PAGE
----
The ballista was a type of torsion powered artillery that bore a significant resemblance to a giant crossbow. Although in modern usage the name tends to refer to a bolt or arrow firing weapon (although given the size the ammunition in question is probably better thought of as a spear or javelin with flights on it) the Romans - from who the word is derived - considered a ballista a stone throwing device - arrow like things were fired from catapultae not ballistae1 - a neat reversal of the modern understanding. Unlike a crossbow, a substantial part of a ballista's power tended to come not from the bow itself but from bundles of rope mounted on it, in which much of the torsion was generated.
As pieces of pre-gunpowder artillery go, this was a fairly complicated one, requiring sound materials (human hair was prized for the torsion bundles), careful engineering and, it is said, a good ear for pitch to determine how much strain the bow was under. These engineering requirements caused the supply of ballistae to falter somewhat in the dark ages and middle ages and by the time they could be maunfactured reliably once more, they had been more or less displaced by cannon.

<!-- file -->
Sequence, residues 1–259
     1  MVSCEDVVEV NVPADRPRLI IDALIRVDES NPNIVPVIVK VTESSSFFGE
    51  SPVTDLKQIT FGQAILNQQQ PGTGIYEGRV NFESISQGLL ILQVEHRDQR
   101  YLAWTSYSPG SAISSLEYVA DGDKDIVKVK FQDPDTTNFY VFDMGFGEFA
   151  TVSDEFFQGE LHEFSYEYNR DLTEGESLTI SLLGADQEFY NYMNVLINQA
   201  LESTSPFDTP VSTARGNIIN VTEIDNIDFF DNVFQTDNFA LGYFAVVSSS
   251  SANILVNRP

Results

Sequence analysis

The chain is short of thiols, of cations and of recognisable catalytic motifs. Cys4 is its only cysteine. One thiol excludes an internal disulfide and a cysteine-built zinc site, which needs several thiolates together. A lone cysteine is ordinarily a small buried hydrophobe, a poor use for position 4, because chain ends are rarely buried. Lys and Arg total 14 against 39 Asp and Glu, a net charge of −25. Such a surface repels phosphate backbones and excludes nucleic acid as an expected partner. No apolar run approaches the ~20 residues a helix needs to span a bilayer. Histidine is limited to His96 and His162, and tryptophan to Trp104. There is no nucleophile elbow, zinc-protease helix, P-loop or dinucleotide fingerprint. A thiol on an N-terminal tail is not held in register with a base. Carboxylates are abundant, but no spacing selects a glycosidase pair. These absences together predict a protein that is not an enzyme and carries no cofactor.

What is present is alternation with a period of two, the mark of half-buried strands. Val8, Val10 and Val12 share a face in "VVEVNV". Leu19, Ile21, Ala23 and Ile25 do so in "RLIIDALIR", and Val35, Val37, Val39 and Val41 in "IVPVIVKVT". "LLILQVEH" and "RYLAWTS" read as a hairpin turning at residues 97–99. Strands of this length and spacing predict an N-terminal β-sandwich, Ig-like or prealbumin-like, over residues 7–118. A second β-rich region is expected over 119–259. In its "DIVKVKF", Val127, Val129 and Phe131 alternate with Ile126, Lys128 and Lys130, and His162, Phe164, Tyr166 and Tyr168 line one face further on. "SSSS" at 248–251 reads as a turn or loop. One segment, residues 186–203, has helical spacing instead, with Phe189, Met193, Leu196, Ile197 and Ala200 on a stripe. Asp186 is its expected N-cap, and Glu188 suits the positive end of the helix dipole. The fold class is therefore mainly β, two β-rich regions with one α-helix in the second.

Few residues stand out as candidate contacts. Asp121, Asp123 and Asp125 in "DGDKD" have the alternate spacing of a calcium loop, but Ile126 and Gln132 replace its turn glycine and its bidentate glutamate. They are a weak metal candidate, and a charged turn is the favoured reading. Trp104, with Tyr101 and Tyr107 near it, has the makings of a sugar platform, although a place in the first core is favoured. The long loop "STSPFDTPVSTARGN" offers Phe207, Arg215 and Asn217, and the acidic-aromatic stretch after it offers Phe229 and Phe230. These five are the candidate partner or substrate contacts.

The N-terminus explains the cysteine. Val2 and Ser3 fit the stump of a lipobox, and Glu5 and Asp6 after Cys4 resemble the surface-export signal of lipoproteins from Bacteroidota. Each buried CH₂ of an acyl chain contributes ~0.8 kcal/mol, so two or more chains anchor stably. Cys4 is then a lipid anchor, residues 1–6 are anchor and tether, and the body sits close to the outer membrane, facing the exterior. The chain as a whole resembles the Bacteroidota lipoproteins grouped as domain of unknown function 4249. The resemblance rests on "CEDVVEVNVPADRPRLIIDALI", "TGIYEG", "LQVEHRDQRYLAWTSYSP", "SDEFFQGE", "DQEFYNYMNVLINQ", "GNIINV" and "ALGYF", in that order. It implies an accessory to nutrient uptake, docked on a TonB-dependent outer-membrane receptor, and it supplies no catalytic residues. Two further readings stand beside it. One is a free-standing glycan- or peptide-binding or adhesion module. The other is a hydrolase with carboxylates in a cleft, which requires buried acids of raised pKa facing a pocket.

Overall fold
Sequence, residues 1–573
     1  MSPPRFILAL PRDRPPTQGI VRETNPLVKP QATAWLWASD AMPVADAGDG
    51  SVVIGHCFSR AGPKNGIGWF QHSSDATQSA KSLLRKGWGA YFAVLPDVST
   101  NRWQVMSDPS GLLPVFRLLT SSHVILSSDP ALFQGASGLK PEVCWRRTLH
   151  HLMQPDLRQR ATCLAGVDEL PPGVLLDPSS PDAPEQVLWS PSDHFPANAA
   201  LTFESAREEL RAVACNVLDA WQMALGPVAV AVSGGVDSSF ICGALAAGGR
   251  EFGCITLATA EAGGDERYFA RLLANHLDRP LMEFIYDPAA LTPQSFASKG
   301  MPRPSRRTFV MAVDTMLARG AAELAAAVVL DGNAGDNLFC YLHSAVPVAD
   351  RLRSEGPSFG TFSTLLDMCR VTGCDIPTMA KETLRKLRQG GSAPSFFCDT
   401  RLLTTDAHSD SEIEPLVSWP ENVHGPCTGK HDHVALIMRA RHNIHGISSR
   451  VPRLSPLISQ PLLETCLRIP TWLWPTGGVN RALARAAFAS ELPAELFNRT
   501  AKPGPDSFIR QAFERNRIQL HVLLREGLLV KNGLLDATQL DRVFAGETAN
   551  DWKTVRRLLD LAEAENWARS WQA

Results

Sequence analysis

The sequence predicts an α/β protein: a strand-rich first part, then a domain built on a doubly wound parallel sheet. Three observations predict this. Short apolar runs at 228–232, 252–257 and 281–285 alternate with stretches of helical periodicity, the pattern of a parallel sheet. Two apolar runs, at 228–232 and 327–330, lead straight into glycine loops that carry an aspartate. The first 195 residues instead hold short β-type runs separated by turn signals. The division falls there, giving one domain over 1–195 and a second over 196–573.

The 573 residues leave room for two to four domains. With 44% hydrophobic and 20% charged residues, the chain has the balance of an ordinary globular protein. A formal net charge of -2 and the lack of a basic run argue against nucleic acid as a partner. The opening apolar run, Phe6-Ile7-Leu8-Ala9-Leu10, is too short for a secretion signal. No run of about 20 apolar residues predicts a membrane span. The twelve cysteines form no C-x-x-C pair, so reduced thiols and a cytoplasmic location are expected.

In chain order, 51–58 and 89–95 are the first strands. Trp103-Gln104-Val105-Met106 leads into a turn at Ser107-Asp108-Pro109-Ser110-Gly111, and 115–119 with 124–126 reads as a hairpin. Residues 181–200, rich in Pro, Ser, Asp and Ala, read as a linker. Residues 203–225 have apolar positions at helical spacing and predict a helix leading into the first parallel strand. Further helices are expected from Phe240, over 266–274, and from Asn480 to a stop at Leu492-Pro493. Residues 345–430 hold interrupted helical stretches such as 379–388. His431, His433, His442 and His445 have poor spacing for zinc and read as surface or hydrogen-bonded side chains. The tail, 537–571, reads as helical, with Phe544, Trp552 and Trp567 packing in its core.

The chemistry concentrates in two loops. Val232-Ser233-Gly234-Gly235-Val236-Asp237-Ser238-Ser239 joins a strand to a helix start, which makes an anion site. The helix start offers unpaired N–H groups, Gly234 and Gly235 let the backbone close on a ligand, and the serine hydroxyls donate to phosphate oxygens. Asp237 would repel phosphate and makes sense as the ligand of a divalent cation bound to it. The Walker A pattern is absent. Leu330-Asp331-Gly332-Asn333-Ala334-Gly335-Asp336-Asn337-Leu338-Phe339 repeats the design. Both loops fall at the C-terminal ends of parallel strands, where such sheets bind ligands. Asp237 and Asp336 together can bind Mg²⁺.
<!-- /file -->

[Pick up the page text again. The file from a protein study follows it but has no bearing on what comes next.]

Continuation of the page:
Compared to counterbalance engines, ballistae could be built smaller and (far more) mobile - to the extent that in the late Roman Empire a cart mounted version (known as the carroballista) was developed. Ironically, this fired bolts rather than stones. Less extreme versions were those used as field artillery by the Roman legions and mounted on fortifications and warships by most classical powers with the ability to construct them.
Game and Story Use
- Somewhat overused in many fantasy settings - and almost always of the bolt firing variety.